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Beyond survival: Bettering men’s quality of life following prostate cancer treatment

Few clinicians understand the consequences of prostate cancer treatment better than urological surgeon-scientist Martin Sanda, MD, director of the multidisciplinary prostate cancer clinic at BIDMC. As a surgeon, he performs nerve-sparing prostatectomies and works with radiation oncologists to treat patients using brachytherapy (implanted radioactive seeds) and radiotherapy. As a scientist, moreover, he has spearheaded numerous studies evaluating survivors’ quality of life following treatment. His most recent work, published in the New England Journal of Medicine, sheds new light on the side effect profile associated with each type of primary therapy and the impact of adjuvant androgen suppression, when combined with radiotherapy or brachytherapy.

The prospective study phone-surveyed 1,201 men and 625 spouses or partners about quality-of-life issues before treatment and at two months, six months, 12 months, and 24 months after the start of treatment; it also obtained a wealth of pre-treatment clinical data about patients—cancer stage and grade, prostate size, urinary symptoms associated with prostate disease (but not cancer), BMI, and a variety of other health factors—from the nine participating hospitals including DF/HCC institutional partners BIDMC, MGH, and BWH.

“We wanted to get beyond single-institution biases, do so in a prospective manner, and obtain accurate baseline data from patients and clinical records so that we could assess quality-of-life outcomes in patients with early-stage disease,” explains Sanda. The study uncovered two neglected side effects and correlated a distinct pattern of changes in quality of life with each treatment.

Neglected symptoms brought to light

Surprisingly, investigators discovered that urinary irritation or obstruction and vitality or hormonal concerns were as significant in determining quality of life and patient satisfaction with overall outcome after prostate cancer treatment as were urinary incontinence and bowel or rectal concerns. These findings, which represent under-appreciated factors not previously determined in a multicenter study, can facilitate treatment decisions, says Sanda. And while it was expected that men receiving adjuvant androgen suppression would experience precipitous effects on sexual function (the most commonly reported adverse effect of any treatment), effects on vitality—generally defined as energy level, mood, perception of fitness, and weight change—were also immediate. Although this symptom had been recognized as a potential problem with long-term hormone therapy, Sanda’s study showed that even when hormone therapy lasts for only a few months, its side effects can persist for years.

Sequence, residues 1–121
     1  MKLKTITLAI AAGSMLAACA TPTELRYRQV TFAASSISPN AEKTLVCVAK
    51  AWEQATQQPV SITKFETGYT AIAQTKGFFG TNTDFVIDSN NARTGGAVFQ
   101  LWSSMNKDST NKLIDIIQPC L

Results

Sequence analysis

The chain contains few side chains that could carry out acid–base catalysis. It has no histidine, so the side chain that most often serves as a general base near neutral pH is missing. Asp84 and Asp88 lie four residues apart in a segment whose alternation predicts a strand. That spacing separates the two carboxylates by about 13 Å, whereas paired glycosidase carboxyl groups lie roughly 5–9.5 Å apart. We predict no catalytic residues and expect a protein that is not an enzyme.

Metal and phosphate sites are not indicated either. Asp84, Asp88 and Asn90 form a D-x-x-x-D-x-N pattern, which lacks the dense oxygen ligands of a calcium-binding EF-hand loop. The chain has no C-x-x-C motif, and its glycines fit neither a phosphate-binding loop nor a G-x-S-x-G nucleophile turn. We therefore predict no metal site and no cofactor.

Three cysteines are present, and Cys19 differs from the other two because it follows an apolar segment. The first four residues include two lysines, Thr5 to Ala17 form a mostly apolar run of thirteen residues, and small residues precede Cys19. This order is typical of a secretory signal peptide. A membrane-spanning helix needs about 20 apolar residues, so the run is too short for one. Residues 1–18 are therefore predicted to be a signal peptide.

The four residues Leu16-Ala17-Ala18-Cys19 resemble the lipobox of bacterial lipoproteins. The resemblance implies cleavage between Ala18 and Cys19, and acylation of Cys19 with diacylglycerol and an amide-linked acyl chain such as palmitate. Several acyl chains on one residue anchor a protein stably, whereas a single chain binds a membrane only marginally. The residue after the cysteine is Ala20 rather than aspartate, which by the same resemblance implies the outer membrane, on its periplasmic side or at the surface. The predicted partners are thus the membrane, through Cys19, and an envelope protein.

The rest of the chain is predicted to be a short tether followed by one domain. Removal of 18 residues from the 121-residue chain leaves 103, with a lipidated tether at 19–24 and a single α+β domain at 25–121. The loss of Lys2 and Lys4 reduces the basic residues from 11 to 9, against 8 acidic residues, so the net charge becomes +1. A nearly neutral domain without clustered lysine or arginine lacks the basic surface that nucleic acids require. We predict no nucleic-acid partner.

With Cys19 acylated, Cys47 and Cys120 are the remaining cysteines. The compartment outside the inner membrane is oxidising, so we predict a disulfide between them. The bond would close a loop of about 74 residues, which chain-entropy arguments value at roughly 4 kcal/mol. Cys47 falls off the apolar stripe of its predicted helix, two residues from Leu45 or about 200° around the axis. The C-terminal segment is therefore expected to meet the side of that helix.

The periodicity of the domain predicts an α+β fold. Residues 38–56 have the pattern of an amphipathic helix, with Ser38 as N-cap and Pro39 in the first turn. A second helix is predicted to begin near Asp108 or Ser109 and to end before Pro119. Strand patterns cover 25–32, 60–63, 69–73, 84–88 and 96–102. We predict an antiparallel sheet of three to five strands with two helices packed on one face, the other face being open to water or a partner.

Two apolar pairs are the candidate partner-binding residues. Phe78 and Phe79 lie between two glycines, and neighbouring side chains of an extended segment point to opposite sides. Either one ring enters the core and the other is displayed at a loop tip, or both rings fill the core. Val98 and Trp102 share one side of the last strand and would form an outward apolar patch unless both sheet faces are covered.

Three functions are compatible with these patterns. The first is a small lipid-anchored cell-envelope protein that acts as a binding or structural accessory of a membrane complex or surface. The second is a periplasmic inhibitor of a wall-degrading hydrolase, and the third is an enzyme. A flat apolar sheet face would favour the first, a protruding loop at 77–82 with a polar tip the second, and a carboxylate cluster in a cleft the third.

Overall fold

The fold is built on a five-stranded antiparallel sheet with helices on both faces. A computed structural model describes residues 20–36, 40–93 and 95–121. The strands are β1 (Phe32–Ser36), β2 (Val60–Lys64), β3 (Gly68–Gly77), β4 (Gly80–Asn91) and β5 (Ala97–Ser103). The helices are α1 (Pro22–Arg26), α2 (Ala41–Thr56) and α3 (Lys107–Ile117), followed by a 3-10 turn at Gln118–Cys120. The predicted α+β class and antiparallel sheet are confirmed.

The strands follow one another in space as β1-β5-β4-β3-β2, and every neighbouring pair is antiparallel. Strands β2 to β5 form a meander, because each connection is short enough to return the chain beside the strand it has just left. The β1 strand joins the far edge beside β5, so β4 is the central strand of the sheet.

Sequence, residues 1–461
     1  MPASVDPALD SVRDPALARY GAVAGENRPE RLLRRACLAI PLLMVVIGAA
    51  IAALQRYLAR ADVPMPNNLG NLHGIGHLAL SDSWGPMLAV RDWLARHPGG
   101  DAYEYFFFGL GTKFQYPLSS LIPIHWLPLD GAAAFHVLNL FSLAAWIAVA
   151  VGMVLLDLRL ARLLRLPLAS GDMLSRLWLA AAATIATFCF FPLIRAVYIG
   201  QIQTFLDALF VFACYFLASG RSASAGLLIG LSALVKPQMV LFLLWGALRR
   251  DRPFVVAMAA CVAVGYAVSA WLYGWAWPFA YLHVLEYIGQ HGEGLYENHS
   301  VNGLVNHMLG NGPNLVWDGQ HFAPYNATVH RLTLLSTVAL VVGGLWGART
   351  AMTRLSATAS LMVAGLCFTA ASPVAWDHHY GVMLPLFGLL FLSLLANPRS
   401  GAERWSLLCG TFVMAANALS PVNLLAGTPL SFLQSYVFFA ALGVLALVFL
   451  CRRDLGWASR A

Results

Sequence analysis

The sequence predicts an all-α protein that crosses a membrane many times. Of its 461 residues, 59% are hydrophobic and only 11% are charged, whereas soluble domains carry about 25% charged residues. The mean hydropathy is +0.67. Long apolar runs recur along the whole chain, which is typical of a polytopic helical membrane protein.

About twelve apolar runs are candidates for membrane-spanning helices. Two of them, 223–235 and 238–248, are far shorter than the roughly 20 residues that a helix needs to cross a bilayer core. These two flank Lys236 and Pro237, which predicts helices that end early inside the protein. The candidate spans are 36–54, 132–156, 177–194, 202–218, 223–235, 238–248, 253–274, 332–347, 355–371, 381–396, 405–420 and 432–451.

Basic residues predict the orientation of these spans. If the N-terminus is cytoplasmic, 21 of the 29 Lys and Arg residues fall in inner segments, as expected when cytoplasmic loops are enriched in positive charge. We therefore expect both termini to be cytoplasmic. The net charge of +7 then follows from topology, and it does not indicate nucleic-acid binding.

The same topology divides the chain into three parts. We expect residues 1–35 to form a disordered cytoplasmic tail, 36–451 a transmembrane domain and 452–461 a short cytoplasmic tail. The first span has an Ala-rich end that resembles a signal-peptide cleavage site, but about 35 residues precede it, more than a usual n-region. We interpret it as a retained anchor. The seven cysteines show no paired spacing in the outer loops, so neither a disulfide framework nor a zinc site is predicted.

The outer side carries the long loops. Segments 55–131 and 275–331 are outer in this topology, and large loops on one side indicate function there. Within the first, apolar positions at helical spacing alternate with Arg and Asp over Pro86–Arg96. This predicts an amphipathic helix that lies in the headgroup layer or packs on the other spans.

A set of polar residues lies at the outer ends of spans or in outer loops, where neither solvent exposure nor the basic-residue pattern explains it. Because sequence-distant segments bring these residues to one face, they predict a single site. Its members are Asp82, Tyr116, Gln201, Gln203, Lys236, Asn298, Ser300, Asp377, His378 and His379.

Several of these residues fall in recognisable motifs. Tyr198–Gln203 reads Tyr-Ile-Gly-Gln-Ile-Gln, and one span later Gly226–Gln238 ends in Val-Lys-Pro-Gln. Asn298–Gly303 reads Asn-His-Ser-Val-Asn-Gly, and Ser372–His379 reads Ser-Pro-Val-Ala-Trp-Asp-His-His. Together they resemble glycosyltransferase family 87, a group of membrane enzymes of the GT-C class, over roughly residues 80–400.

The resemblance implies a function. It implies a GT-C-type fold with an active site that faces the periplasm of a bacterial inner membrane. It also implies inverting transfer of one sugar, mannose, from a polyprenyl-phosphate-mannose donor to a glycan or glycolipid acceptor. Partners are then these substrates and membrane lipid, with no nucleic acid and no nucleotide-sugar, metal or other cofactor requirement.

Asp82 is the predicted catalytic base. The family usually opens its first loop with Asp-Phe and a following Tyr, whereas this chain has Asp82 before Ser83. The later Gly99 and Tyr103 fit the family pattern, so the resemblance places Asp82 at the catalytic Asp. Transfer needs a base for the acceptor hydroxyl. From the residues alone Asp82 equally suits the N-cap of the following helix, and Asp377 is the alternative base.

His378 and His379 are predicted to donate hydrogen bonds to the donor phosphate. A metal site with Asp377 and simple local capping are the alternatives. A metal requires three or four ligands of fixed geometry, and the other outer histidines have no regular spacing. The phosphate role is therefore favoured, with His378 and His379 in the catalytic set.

Predicting side effect profiles

Based on data from the first two years of the study, researchers uncovered side effects unique to each type of therapy. Among patients with benign prostatic hyperplasia (BPH), for example, who were troubled by urinary obstructive symptoms prior to treatment, prostatectomy actually improved urinary function whereas brachytherapy worsened BPH symptoms. Although prostatectomy had profound effects on erections, nerve-sparing surgery allowed “at least a reasonable prospect” of regaining sexual function, says Sanda, but recovery took from one to two years. Patients tended to recover urinary continence within several months to a year, and only about 10 percent continued having urinary problems.

Patients treated with radiation initially experienced less dramatic effects on erections, says Sanda, but by two years, the problem had become fairly common; the men who received radiation without adjuvant androgen suppression, however, fared better in this respect. “Even if hormone therapy is given for only six months, the effects seemed to linger one to two years out,” says Sanda, who now restricts hormone therapy to his highest-risk patients. The study also corroborated the effects of radiation on bowel/rectal function, but found that problems persisted in only about 5 to 10 percent of cases—“not as high as patients might fear,” assures Sanda.

In patients receiving brachytherapy, the study confirmed problems with urinary blockage and showed that they can linger up to two years in 10 to 20 percent of patients. Importantly, patients receiving brachytherapy without adjuvant androgen suppression experienced fewer urinary and sexual side effects.

Over the next year, Sanda and colleagues plan to integrate their research findings into a Web-based decision-analysis tool to help patients predict their side effect profile. “Our hope is that this tool will empower patients to make decisions based on what’s right for them.”

—Lonnie Christiansen